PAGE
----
There's always the entertainment value when the guy in the neighboring SOB exclaims "Airstreams have shocks?"
JamieEllis is offline   Reply With Quote
Old 01-29-2014, 05:00 PM   #6
Rivet Master
Airstream Dealer
Inland RV Center, In's Avatar
Corona , California
Join Date: Feb 2002
Posts: 16,501
Images: 1
Originally Posted by vanster View Post
Our 67 Caravel has shocks but with the design of the axle, why does a
3000# trailer require shocks? If so how soft or hard should they be?
We are about to put the frame back under the shell and now is the time to address this issue.
Try riding in a car, with no shocks.

Shocks are exactly that, they reduce the road shock that goes to your car, or in this case, your Airstream.

Airstream over the coarse of years. has made some mistakes, but then who hasn't????

But, I assure, using shocks on the Airstream trailers, save you money in time, as it adds to the "soft ride".

Shocks cost less than $ 30.00 each, so if you want to save 60 bucks, skip the next couple of happy hours, but don't deprive the Airstream.

You will be very sorry if you left them off.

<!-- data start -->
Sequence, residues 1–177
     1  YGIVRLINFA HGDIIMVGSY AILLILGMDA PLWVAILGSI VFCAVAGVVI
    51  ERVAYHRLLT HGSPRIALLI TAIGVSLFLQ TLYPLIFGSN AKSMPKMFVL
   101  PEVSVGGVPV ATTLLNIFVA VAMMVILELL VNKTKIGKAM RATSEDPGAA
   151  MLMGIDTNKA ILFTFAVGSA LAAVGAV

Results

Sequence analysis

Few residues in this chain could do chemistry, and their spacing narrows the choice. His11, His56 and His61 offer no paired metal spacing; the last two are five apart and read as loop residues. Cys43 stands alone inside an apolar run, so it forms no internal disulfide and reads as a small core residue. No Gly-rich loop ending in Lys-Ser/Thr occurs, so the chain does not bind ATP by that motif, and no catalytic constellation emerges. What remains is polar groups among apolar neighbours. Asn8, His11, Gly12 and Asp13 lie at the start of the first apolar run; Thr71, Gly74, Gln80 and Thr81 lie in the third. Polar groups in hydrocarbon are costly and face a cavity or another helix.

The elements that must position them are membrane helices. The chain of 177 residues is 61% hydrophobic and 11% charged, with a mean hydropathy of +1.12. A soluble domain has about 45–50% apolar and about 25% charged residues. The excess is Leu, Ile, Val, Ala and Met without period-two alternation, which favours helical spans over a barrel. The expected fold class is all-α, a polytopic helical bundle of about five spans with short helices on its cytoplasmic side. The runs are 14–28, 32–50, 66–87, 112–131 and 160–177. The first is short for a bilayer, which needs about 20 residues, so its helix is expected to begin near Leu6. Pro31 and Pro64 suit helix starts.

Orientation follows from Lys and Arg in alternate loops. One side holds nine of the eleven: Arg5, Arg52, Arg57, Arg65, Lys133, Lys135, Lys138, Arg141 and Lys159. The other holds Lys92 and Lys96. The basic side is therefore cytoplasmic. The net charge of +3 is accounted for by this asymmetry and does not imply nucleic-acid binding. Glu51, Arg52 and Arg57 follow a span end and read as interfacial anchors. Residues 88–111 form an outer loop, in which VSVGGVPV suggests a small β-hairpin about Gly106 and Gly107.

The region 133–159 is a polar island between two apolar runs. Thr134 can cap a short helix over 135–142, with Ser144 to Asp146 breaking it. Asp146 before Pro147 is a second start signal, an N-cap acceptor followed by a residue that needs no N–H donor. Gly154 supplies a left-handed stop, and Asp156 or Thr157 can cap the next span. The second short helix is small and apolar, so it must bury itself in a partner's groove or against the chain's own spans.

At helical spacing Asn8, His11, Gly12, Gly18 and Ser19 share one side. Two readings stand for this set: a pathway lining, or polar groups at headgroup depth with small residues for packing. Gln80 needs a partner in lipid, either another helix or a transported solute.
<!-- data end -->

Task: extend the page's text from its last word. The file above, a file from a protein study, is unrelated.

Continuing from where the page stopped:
A few of the damages that are caused by NO SHOCKS, is. fatigue cracks in the frame. fatigue cracks in the shell, busted copper tubing in the water system and AC, broken wires, shearing inside and outside rivets, AND A TON OF WATER LEAKS.

So put the shocks on, and then go and enjoy your happy hour with a BIG SMILE.

Inland RV Center, In is offline   Reply With Quote
Old 01-29-2014, 05:42 PM   #7
HiHoAgRV's Avatar

1991 34' Excella
1963 26' Overlander
Central , Mississippi
Join Date: Nov 2006
Posts: 5,002
Images: 29
Blog Entries: 49
Do you need shocks? No. The often used comparison to a car with out shocks would only be valid if you picked a car with rubber torsion suspension, I'm not aware of any that were ever produced. I measured the ride of my Airstream before an axle replacement and again after the new axles were installed. Old axles with shocks vs new axles with out shocks. No measurable difference so I'm 100% sure that no person could ride in the trailer and tell a difference. I trailered thousands of miles with no shocks on that trailer with no ill effects.